2. Airport Greeting
We are dedicated to keeping you save and comfortable from your point of your arrival until your point of departure. We will always receive our volunteers at the airport and transfer them safely. Depending upon the country in which you choose to volunteer, our coordinator, local staff, or a professional transfer company employee will greet you at the airport.
3. Orientation and safety discussion
Regardless of where you join the Global Crossroad volunteer program, our program starts with an in depth discussion on safety, history, cultural people, religion, life, and doâ€™s and donâ€™ts. Depending upon the country, these orientation programs range from a few hours to three days. During orientation, we explain the different aspect of safety and general guidelines to help keep yourself safe while volunteering abroad.
4. Safe Host Family and Accommodation
While volunteering abroad, the majority of the time you will reside with a local host family, hostel, or similar accommodation. We always carefully select the host families and other forms of accommodations to make sure that you will be safe and comfortable. In all destinations, we have selected host families who are socially respected and responsible. Most of our host families have hosted international volunteers before, so they completely understand your needs. Your host family will always take care of you and keep you safe.
Similarly, all of our volunteer houses and hostels are located in very safe locations. These hostels are always guarded by security guards or supervised by the local staff very frequently to make sure that you are safe and secure. Also you will be staying with other volunteers from all over the world. You will never be alone.
5. Comprehensive Insurance and Evacuation Plan
While volunteering abroad, you will be covered by international insurance. This protects you in case something unforeseen happens. It is mandatory that all volunteers obtain a travel insurance policy when volunteering abroad. Global Crossroad offers one of the most comprehensive insurance packages from a third party. Our insurance policy provides excellent protection in the event that a health-related issue occurs, an accident, or other unpredictable incidences.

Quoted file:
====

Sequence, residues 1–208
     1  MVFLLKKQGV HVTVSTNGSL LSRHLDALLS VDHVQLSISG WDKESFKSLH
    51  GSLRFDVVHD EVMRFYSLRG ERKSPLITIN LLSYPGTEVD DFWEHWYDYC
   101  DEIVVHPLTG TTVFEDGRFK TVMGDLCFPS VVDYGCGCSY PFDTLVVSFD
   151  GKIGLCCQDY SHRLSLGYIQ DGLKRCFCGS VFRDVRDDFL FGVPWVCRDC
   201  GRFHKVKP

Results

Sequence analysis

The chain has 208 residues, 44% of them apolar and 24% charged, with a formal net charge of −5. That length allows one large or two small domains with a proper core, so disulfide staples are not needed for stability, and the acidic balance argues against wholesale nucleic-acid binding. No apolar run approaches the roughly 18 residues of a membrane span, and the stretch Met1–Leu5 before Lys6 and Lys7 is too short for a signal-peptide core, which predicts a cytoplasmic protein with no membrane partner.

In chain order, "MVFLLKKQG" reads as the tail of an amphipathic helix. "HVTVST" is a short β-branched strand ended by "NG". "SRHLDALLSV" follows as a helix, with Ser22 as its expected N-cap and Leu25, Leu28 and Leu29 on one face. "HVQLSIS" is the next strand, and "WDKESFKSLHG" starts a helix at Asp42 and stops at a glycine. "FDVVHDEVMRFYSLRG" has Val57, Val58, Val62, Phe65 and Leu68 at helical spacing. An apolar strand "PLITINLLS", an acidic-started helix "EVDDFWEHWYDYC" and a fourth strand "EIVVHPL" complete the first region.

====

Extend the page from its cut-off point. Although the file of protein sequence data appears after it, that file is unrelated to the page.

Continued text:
6. Placement with Other Volunteers
Global Crossroad is happy to place you with other volunteers (depending on availability) if this is something that would make you feel safer.
Any international travel requires caution and awareness; volunteering abroad is no exception. We suggest that all volunteers consult their own government advisory office before making the decision to participate in any overseas volunteering opportunities. International travel presents risks, especially with the modern day threat of international terrorism.
The U.S. State Department issues travel warnings and advisories in many countries for American travelers. These travel advisories and warnings frequently change, as situations in each country transform.
These links provide valuable travel information:
It is also wise to consult the Center for Disease Control for health related information and issues that might come up during your time volunteering abroad. Check out www.cdc.gov for possible health risks. One must also keep in mind that the sanitary conditions in developing countries are likely very different from those in your home country. It is also strongly advised that you do not drink the tap water and do not eat food from street vendors.
Most Frequently Asked Questions: Volunteer in Uganda
Global Crossroad has all the answers to all of your questions about volunteer programs in Uganda.
- When should I apply for a volunteer in Uganda project?
- What happens once I submit my documents and application to Global Crossroad?
- How long does it take to process my application to volunteer in Uganda?
- What documents do I need to submit with my application to volunteer in Uganda?
- Are there any necessary requirements to participate in volunteer in Uganda projects?